Friday, 13 January 2012

3.   A Place for my Grandmother’s bench…  
                           When my grandmother (Dida) died in 1997, she was buried at some out- of-the-way burial ground near Roorkee by my uncle, her only surviving son. The other beloved son, who was in the naval fleet of the Indian Airforce had been tragically killed over Pakistani soil in the 1971 Indo-Pak war. His plane had been shot down and to this day, his name crops up in the list of POW’s or ‘Prisoners of War’ and the ‘Missing believed Killed’ lists. While Dida was more realistic and after so many years had lost hope of ever seeing her son again, especially after he was posthumously awarded the Param Vir Chakra by the Indian Government for bravery, my poor Grandfather never lost hope and believed him to be in Baluchistan somewhere. Anyhow, the fact remained that none of the grandchildren could ever visit our dear Grandmother’s burial site  as we had no clue where exactly it was.

 My mother’s parents, Dadu and Dida, as we grand-
children always remember them in Dehradun

This turn of events made me dream of a place we could dedicate to her in a part of India she loved dearly. Hence, even before we bought the land on ‘Pari Tibba’ I had planned to dedicate a bench or something to that effect in both my Grandparents’ names. Both of them dearly loved the mountains and in fact, most of my Didas’ beautiful paintings (yes, she was an artist who had many art exhibitions too!) depict the splendour of the mountains. Some of Kashmir, some of Nainital, Manali and of course, of Mussoorie. These gorgeous paintings hang in all our homes today.
When we finally did buy the land, the house was truly secondary in my mind. It had by now, slowly and surely dawned on me that building or for that matter, any form of construction would be a long and uphill task considering the pretty remote location. We began by building a one room out-house and then, a make-shift shed for storing construction material. Every moment there, over the years of getting the main house built, I thought of places in the beautiful area around us where we could build a lovely, large, comfortable, all purpose bench which the whole family could sit on and remember the super-happy times we spent with Dida and Dadu.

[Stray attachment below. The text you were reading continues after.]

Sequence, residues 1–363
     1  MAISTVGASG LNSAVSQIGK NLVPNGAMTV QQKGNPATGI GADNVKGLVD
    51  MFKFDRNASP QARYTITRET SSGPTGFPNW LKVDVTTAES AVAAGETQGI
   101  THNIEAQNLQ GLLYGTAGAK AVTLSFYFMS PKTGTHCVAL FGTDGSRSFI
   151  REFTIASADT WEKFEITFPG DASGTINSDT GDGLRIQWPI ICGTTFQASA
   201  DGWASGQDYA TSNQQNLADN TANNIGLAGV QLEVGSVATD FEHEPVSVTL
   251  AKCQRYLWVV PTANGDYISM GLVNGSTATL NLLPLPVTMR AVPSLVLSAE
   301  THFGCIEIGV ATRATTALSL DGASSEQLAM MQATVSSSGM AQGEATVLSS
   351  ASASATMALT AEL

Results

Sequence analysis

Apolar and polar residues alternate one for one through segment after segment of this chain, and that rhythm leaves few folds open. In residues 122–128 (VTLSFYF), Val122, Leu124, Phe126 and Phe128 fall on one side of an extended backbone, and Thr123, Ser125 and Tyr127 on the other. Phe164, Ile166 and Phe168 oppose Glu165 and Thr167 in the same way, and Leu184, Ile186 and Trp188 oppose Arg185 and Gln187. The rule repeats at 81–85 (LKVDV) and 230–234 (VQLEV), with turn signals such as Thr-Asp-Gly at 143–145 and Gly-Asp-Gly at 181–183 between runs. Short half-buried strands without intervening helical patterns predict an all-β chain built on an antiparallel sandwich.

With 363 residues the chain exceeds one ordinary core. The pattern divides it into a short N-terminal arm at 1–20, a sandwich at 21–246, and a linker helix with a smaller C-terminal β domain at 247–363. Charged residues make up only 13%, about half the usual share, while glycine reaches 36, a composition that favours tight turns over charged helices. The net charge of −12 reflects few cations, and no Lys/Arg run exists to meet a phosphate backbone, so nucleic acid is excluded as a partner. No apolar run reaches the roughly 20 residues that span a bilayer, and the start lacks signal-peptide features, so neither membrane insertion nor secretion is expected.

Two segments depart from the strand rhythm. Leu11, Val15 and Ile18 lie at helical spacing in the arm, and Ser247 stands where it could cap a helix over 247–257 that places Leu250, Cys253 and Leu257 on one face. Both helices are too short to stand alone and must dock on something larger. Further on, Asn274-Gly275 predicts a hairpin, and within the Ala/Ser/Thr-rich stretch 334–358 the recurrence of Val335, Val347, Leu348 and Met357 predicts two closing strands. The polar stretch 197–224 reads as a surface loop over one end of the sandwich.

In Delhi, from the marble market, I chose a small, white, marble piece and got it inscripted with the following words :
In memory of our beloved  Dida and Dadu,
Ira Roy (1913 to 1997)
Major General A.N.Roy (1910 to 1985)
From your loving grandchildren.”
As soon as Saaremaa was ready, the bench was the first thing to be made by our helpful Chowkidar, under my watchful gaze. It is large, both in length and width, with arms on the side and covered with terracotta coloured broken tiles. The marble inscription was inserted at the head of the bench and it was just perfect. I even had the soil which my in laws had carefully collected and brought all the way from my Grandmother’s childhood home in Kasmu, Estonia, the previous year (This lovely house is now a Writer’s Home and houses different authors who need peace and quiet from the main cities of Estonia and all over Europe).  We sprinkled the soil behind the bench along with some Estonian strawberry seeds also brought all the way from Estonia by us during our visit there in 2008. 

View from Grandmother's bench - Mussoorie range and The Haunted House

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